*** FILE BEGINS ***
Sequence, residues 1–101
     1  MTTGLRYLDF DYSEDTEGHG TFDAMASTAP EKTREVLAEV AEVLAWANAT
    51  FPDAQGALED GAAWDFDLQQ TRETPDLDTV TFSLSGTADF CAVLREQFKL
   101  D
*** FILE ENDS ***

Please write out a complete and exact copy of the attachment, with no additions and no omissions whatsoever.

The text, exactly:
Sequence, residues 1–101
     1  MTTGLRYLDF DYSEDTEGHG TFDAMASTAP EKTREVLAEV AEVLAWANAT
    51  FPDAQGALED GAAWDFDLQQ TRETPDLDTV TFSLSGTADF CAVLREQFKL
   101  D